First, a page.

Torsade de pointes in a patient with complex medical and psychiatric conditions receiving low-dose quetiapine

ACTA PSYCHIATRICA SCANDINAVICA, Issue 4 2005
W. V. R. Vieweg
Objective:, Describe potential cardiac complications of low-dose quetiapine and other atypical antipsychotic drugs. Method:, We present a case report of a 45-year-old Black woman with multiple medical and psychiatric problems taking low-dose quetiapine. Results:, Coincident with a generalized seizure, the patient developed ,ventricular fibrillation'. She was countershocked with restoration of normal sinus rhythm. The initial electrocardiogram showed QT interval prolongation. Shortly thereafter, classical torsade de pointes appeared, lasted 10 min, and resolved spontaneously. Hypomagnesemia was present. A cardiac electrophysiologist was concerned that the very slow shortening of the prolonged QTc interval after magnesium replacement implicated quetiapine as a risk factor for QTc interval prolongation and torsade de pointes. A psychosomatic medicine consultant asserted that the fragmented medical and psychiatric care almost certainly contributed to the patient's medical problems. We discuss other cases of QT interval prolongation by newer antipsychotic drugs and previous reports by our group concerning the association of psychotropic drugs, QT interval prolongation, and torsade de pointes. Conclusion:, Atypical antipsychotic drug administration, when accompanied by risk factors, may contribute to cardiac arrhythmias including torsade de pointes. [source]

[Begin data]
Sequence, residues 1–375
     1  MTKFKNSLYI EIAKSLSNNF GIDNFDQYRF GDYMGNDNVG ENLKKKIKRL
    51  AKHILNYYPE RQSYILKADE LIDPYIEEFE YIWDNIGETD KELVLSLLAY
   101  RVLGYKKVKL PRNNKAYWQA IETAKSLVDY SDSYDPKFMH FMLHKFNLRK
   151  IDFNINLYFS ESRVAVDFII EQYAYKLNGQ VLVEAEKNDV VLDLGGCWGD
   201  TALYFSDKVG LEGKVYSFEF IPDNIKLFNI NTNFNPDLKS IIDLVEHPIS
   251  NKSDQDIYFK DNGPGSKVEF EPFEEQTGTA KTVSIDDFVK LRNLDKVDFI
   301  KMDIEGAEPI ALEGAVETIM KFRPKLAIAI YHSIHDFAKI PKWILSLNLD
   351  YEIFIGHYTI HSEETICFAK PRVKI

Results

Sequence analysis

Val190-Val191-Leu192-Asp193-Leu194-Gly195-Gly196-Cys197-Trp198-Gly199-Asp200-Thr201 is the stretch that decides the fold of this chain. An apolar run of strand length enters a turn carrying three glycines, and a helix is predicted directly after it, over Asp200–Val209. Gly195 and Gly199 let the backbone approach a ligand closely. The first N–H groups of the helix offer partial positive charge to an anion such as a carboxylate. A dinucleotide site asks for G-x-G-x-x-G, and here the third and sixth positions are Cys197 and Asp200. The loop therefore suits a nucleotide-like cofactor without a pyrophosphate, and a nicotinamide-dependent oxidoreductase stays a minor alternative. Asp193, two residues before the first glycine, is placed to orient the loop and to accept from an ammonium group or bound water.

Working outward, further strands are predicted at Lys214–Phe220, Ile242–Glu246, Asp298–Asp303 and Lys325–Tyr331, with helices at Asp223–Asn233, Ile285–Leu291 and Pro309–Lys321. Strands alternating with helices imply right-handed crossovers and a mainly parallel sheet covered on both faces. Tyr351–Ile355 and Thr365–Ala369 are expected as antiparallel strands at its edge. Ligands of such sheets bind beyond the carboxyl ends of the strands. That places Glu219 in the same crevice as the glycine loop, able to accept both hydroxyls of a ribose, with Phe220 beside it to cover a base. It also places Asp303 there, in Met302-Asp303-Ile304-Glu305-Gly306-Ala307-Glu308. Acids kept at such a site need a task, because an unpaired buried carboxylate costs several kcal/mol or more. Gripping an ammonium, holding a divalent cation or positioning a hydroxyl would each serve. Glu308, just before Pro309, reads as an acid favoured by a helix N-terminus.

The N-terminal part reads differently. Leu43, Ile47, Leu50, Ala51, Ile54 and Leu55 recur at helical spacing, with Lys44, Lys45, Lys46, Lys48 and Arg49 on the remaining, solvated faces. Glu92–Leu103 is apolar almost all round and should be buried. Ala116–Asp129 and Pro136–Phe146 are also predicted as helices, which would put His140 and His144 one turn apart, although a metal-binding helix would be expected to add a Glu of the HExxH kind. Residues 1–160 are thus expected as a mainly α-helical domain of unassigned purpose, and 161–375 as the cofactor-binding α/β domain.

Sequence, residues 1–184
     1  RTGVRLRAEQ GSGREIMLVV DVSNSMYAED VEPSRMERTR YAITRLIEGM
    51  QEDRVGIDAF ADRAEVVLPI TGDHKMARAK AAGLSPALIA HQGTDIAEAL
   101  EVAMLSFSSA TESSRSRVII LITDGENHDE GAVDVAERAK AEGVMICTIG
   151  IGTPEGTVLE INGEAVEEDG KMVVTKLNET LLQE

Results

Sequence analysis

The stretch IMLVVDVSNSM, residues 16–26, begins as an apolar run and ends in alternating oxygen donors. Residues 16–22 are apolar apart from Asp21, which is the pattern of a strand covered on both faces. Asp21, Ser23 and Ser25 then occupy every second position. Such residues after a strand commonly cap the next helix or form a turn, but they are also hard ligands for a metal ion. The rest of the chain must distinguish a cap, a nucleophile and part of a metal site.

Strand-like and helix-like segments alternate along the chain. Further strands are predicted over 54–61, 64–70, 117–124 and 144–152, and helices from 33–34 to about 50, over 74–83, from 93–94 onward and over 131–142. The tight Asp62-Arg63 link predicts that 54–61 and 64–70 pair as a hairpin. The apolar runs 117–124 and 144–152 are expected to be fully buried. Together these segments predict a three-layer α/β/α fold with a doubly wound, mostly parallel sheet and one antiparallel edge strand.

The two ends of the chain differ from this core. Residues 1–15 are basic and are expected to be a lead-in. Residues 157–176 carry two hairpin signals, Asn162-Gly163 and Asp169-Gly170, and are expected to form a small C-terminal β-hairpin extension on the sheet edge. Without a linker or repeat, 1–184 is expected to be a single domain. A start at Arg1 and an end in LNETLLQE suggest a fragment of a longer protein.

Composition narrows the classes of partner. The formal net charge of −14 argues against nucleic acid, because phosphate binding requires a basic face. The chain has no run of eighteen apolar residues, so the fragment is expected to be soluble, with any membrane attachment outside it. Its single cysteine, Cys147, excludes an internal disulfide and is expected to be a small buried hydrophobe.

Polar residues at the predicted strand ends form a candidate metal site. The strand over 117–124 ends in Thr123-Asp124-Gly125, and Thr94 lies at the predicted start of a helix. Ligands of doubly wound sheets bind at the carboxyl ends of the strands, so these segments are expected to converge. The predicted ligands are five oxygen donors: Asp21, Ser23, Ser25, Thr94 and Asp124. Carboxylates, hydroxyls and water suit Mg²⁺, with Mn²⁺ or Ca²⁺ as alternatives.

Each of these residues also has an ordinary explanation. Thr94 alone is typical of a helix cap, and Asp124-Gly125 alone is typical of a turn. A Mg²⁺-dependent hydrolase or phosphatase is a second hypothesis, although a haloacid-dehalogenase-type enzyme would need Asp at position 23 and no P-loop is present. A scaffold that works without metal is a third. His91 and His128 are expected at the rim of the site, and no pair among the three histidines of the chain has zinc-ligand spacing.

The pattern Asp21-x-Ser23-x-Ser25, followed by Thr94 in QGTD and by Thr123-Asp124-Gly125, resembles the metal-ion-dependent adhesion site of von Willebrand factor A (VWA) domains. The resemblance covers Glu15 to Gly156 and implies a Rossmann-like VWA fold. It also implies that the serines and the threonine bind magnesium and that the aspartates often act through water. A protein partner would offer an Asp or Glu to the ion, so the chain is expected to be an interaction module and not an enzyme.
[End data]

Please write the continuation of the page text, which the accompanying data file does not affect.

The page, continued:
Lithium monitoring before and after the distribution of clinical practice guidelines

ACTA PSYCHIATRICA SCANDINAVICA, Issue 5 2000
John M. Eagles
Objective: To determine whether distribution of clinical practice guidelines improves lithium monitoring and whether standards of monitoring differed between patients in psychiatric contact and those seen only in primary care. Method: Standards of monitoring were assessed for patients on lithium in northeast Scotland throughout 1995 and/or throughout 1996. Guidelines were circulated in January 1996 to all local general practitioners and psychiatrists. Monitoring was compared between 1995 and 1996 and for patients with and without psychiatric contact. Results: Both primary care and psychiatric records were scrutinized for 422 and 403 patients prescribed lithium throughout 1995 and 1996, respectively. While monitoring was poor on several parameters during both years, frequency of measurement of both thyroid and renal function improved in 1996. Standards of monitoring were better for patients in psychiatric care. Conclusion: Standards of lithium monitoring require further improvement. Locally agreed practice guidelines are helpful but patients on lithium should be in continuing contact with an experienced psychiatrist. [source]